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does the culture that makes sourdough sour have any nutrition benefits?
August 21, 2004 1:34 PM   Subscribe

My favorite kind of bread is Sourdough (it's Californian, dude!), and I know I should be eating something more wholegrainhighfiberlowcarbwhatever. But I'm curious... if the cultures in yogurt are healthy for you, does the culture that makes sourdough sour have any nutrition benefits over plain white bread? And does Sourdough really take 2-3X as long to get stale and moldy than other bread, or that just me?

Or can anybody reccommend a best-tasing Whole Wheat Sourdough?
posted by wendell to Food & Drink (11 answers total)
 
You'll probably find the best bread by finding a local bakery. Otherwise you'll get bread loaded with preservatives and crap.

I don't know a thing about the nutritional differences, though.
posted by cmonkey at 2:07 PM on August 21, 2004


I'm guessing the cultures (positive bacteria aka, pro-biotics) are heat sensitive and thusly, killed off during the baking process.
posted by Feisty at 2:12 PM on August 21, 2004


And does Sourdough really take 2-3X as long to get stale and moldy than other bread, or that just me?

It's not just you. The Lactobacillus fermentum and acetic acid in sourdough bread act as natural preservatives.
posted by vorfeed at 2:55 PM on August 21, 2004


I tried my hand at baking for a while, and was able to make some half-decent sourdough loafs with white bread, but with whole wheat flour, I may as well have been trying to bake bricks. If whole wheat sourdough exists, I'd like to know the trick, and failing that, I'd just like to know where to get it.
posted by weston at 3:36 PM on August 21, 2004


And does Sourdough really take 2-3X as long to get stale and moldy than other bread, or that just me?

Trader Joes has some great sourdough bread that will sometimes get moldy before you get back home.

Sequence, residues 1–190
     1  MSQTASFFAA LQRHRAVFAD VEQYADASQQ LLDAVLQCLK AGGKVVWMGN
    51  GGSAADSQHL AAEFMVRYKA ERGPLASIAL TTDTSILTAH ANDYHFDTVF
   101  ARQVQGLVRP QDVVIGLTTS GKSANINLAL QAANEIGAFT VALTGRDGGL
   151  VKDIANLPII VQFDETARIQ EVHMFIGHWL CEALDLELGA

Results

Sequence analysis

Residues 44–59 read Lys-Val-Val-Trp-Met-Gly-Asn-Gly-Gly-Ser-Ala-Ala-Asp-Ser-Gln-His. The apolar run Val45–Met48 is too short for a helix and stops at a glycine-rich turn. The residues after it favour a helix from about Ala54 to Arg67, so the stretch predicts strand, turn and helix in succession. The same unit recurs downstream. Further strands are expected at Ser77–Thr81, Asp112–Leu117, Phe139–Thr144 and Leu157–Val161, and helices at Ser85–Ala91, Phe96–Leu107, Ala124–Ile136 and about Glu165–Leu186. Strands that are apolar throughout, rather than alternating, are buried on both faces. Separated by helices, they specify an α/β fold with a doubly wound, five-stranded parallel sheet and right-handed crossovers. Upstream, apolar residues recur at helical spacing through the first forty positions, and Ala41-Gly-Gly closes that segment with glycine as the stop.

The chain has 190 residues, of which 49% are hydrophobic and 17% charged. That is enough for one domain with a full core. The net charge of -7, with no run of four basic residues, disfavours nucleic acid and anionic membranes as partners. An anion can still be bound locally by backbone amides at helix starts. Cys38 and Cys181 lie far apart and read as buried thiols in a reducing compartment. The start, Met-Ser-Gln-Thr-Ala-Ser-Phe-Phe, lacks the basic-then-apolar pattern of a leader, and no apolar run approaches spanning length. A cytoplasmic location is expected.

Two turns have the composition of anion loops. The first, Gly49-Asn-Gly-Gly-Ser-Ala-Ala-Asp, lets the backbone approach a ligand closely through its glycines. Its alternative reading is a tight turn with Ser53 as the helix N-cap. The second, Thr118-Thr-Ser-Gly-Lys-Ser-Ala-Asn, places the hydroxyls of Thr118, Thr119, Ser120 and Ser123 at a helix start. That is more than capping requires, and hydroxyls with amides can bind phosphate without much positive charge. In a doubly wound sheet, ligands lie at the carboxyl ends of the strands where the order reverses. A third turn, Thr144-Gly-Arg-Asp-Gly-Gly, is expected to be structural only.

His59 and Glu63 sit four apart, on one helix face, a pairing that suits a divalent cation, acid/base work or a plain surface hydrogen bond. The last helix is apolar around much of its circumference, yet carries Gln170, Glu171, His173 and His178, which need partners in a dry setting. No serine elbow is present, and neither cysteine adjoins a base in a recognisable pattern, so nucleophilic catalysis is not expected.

posted by gluechunk at 4:44 PM on August 21, 2004


My TJ Sourdough experience is different from yours, gluechunk; their bread lasts as long as any, does taste excellent and has one of the lowest prices and most inconvenient shapes. I recall trying a Whole Wheat Sourdough from Joe's that was rather underwhelming in taste and higher in price.
posted by wendell at 5:12 PM on August 21, 2004


MMm. I remember visiting my aunt in California, and I lived on sourdough bread and seafood all week. Which has nothing to do with your question, but it's 1030 pm here, and this question is making me so damn hungry.

The only answer I have is, the local high end supermarket usually has some of the more unusual breads in their bakery. You can always look there. Sometimes if you ask for something, they'll carry start carrying it. Good luck.
posted by FunkyHelix at 7:42 PM on August 21, 2004


I'm with you gluechuck. In fact, almost any perishable from TJ's will expire much quicker than its locally purchased counterpart. Bread especially, though. I think it may have a lot to do with how far you live from the TJ's factories in California.

I've made whole wheat sourdough before and had pretty good results. I suggest using a good white sourdough recipe and using 1/5th or 1/6th whole wheat flour in place of the all purpose flour. Try adding a Tbsp. or two of wheat germ to the recipe to increase its "wheaty-ness".
posted by maniactown at 7:57 PM on August 21, 2004


Sourdough just tastes damn good, and it's crunchy and chewy and sour. Just because you get a loaf of sourdough doesn't mean you can't still have a loaf of nutty whole wheat on the side as well. At least it's not that gooey white bread crap that's about as healthy as Twinkies.

And I second the idea that TJ's sourdough and other breads go bad darn quick. The sourdough especially. I usually keep my bread in the fridge anyway, or freezer if I have too many loaves.

Moldy bread is a grevious sin, unless you like to eat it moldy. (Which I have if it's just a few spots, but I draw the line at even mildly furry.)
posted by loquacious at 9:01 PM on August 21, 2004


Unrelated, but TJ's parmesan cheese goes bad in about 2 days. Sometimes less. But I adore that store. It makes me sad to live three hours away from one. Between their 3buck chuck wines, incredible cottage cheese and neat breads (they have Crumpets!) I can barely push around the shopping cart for my trembling hands.
posted by Happydaz at 12:35 AM on August 22, 2004


Sourdough is also almost always vegan, if you're ever looking for something safe to feed one of those folks.
posted by scarabic at 10:28 AM on August 22, 2004


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